In our next life, we’re coming back as one of those government bureaucrats financially rewarded for failing.
Recent news featured a fine example of the breed. Hot Springs City Manager David Frasher resigned after being accused of making racially insensitive remarks to the black deputy superintendent of the Hot Springs School District, Lloyd Jackson. The Hot Springs Board of Directors unanimously requested Frasher’s resignation after the incident.
But Frasher won’t go hungry. He’ll receive $223,312.20 from the taxpayers because the severance provision of his contract calls for a year’s salary and benefits. That’s five times the median annual income of an Arkansas household.
What’s particularly galling about this is that in October, Frasher reached a $389,500 settlement with Oregon City, Oregon, after being fired in 2015 as city manager there. The reason? A “strained relationship” with the Oregon City Commission after allegations that he made “racially insensitive remarks,” according to the Arkansas Democrat-Gazette. “A memo detailing the investigation into the Oregon City incident was considered when the Hot Springs Board of Directors hired Frasher in January 2016, City Director Larry Williams said Wednesday.”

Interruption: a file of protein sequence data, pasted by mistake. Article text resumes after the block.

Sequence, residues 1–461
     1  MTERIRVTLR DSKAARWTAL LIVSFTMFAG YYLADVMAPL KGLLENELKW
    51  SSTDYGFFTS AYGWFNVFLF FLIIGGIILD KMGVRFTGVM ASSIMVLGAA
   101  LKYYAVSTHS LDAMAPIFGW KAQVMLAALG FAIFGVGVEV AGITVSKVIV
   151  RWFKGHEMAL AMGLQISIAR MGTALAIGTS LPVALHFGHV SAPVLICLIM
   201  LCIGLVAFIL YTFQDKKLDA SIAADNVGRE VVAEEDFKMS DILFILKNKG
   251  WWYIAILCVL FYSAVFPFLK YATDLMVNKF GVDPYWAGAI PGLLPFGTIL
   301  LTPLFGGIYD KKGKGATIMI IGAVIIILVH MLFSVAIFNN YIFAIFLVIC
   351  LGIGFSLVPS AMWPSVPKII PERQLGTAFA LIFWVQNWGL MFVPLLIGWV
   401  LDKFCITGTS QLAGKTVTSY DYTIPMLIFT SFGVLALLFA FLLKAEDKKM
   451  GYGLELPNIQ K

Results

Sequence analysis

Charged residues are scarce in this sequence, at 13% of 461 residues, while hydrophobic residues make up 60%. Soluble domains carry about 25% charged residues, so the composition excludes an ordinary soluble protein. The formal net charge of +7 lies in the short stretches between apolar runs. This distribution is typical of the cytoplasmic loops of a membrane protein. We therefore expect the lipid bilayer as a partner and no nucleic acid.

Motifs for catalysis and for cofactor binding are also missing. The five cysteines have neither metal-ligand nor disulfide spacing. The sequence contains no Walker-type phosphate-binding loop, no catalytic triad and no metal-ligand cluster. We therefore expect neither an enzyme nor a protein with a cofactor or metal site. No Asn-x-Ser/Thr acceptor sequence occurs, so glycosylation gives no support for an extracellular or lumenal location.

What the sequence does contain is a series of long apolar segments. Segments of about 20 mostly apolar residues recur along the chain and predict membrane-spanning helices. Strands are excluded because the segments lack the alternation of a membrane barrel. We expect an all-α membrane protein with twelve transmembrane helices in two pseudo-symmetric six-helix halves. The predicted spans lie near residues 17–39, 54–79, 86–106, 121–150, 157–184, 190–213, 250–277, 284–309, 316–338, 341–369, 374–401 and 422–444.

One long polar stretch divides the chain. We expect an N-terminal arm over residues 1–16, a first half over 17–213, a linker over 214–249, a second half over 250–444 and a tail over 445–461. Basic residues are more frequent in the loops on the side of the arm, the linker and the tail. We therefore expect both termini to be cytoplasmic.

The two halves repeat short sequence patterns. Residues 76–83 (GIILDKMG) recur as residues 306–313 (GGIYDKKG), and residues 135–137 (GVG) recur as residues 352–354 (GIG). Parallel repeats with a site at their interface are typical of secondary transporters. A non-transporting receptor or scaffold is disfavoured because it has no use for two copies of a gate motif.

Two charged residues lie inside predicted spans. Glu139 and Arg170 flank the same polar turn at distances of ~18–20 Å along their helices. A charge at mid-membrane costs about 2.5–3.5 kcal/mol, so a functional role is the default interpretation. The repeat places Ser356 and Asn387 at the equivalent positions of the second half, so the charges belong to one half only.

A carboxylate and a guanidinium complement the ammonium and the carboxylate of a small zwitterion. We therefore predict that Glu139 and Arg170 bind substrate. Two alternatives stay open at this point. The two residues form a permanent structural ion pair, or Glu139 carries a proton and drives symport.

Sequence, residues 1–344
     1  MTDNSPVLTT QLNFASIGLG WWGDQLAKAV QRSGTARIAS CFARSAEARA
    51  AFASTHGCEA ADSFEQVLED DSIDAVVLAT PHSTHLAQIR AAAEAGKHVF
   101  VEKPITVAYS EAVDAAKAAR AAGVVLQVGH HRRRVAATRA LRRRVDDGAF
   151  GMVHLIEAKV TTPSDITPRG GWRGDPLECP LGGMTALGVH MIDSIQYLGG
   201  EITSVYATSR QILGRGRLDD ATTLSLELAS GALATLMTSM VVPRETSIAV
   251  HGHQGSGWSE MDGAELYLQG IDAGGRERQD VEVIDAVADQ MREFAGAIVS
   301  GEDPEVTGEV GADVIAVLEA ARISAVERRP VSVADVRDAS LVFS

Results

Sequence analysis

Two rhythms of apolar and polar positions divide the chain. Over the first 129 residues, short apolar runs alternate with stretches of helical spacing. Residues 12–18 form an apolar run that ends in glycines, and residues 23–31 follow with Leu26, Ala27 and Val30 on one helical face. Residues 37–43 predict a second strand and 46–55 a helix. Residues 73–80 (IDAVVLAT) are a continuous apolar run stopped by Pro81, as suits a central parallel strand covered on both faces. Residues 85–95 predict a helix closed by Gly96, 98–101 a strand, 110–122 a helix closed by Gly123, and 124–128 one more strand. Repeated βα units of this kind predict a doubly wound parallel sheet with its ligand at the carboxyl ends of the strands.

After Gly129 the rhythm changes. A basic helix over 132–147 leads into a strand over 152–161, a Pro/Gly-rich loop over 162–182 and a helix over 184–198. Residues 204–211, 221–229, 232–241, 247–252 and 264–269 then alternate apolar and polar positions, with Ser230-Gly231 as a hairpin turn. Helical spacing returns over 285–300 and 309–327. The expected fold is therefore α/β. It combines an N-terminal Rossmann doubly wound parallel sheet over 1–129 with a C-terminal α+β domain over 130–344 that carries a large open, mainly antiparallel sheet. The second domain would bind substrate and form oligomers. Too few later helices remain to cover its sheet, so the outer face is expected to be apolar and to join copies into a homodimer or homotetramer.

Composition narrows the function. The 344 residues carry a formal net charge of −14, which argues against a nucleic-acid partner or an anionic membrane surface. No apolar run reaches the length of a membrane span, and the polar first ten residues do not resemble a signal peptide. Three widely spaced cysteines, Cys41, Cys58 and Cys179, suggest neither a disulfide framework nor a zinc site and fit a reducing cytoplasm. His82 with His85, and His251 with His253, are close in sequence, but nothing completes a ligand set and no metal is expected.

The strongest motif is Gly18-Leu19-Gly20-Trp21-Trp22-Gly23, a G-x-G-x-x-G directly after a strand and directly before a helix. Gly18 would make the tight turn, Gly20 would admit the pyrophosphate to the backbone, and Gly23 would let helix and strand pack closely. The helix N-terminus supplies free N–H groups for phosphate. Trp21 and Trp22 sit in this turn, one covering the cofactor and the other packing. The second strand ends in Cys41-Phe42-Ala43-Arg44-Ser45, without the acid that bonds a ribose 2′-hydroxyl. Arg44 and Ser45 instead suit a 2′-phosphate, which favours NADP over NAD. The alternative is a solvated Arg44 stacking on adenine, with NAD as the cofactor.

Hot Springs City Attorney Brian Albright said the board could have disciplined Frasher, but he didn’t know how Frasher would have responded. Perhaps the board reasoned that getting Frasher’s resignation and paying severance was cheaper than potential legal action. And perhaps it was. And perhaps employment contracts for handsomely paid government employees can be negotiated to better protect their employers: taxpayers.
► In other news last week, the U.S. Supreme Court ruled that states have the power to require online retailers to collect sales taxes. It’s a good decision, one that should be welcomed by local governments losing out on needed tax revenue and local businesses squeezed by the tax advantage reaped by many online sellers.